Poems by Lina Zerón / Traduction to english María Vargas



Poems by  Lina Zerón


Traduction to english María Vargas





Blessed are the women who protect the fruit of their womb

assuming the parable of their beauty under an apron;

those who clean their faces with the cloth of routine

and learn to raise their voices, although their voices is all they have left.


Blessed are the women who drag the cross of impurity

drenching their future with tears of absence,

who find purification in the water of any river

and weave scattered loves in the flow of time.


Blessed are the women who fall in love,

the sorcerers of the night,

the ones who share the fire of the body’s marriage

in the consecration of the skin.


Blessed are the ones who scream what the heart professes,

the ones who listen and the ones who make themselves heard,

also, those who silence their true passion

surviving like mournful, stagnant water.


Blessed are the women who face the empty nest

reliving every night the exodus since its origin.


Blessed are the ones who are storms, rivers bursting their banks;

who are labeled crazy, trouble-makers,

liberated, feminists,

able to wreck the wind with a gaze.


Blessed are the females with fractures and fragments

Blessed are all of us. Matrix of the universe.






In this city of magazines, labels, and fashions,

let’s throw in the garbage the corsets that hide the stomach,

the under-wire brass with double padding

to push up the drooping fruits.

The violating panties with dental floss backs,

the uncomfortable sexy nightgowns.


Let’s destroy all that hides, deforms or betrays.

Let’s stop trying to be like little dolls on the shelves of fine stores.

To hell with the stylized legs of Julia Roberts,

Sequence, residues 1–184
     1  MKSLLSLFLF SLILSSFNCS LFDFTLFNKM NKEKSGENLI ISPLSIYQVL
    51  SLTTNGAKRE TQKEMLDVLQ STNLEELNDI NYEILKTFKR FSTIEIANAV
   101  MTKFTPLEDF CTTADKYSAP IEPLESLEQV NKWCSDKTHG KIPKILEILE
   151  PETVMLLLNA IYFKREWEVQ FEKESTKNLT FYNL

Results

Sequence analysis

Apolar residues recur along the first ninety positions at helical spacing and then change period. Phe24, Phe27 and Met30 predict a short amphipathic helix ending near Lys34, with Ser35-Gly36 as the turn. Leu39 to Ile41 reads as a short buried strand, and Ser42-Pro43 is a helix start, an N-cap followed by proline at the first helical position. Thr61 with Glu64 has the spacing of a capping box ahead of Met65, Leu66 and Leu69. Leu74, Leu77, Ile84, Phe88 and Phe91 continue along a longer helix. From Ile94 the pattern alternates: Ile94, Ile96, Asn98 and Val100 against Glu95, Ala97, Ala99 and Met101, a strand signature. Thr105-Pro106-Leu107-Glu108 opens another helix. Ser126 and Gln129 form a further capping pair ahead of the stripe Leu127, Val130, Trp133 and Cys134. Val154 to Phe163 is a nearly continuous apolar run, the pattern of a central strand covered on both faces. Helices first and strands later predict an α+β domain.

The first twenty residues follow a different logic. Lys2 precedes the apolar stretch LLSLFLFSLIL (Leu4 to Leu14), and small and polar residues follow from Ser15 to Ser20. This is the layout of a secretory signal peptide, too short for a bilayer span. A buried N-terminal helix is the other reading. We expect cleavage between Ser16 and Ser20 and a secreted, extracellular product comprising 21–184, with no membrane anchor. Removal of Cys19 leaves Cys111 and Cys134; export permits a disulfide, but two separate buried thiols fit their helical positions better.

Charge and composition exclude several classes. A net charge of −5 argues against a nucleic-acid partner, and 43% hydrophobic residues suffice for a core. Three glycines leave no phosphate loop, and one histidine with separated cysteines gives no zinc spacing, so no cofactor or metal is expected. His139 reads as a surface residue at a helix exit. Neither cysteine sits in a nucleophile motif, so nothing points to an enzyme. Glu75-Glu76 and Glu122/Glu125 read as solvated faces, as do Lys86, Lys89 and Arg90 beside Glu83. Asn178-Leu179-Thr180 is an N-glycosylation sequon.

with the mountainous wax breasts of Pamela

or the false eyelashes of soap opera stars,

the anti-wrinkle creams,




To hell with all types of jewelry that binds us

specially, engagement rings,

lockets with antique pictures,

medallions with the initials of proper names.


Death to all that implies property of another,

the insecurity of being alone,

the fear of being ourselves.






I sleep in the undulation of your body.

Kissing you I awake and kissing you I sleep.

I dream about the naked sea of your skin.

Naked I sleep to have you, naked, in me.


I dress you with the heat of my lips

and the warmth of my mouth undresses you.

My eyes shine like the wind

that sustains the birds in the air

which today fall down because of you.


With the freshness of the forest you bite my lips,

by the banks of a river you refresh my heat,

your fire cultivates gardenias on my thighs

and, like a savage, I offer you my breasts

to satisfy your dreams in them.


In your sword of iron, I live,

and like a bewitched butterfly,


toward the fire I flutter.


Your hands unveil the heat of my body,

I feel the fingers of your thunderous tongue,

my womb drenched with dew.


And then, I kiss you.

I kiss you and call you “my love”

with the hesitant voice of my breast.



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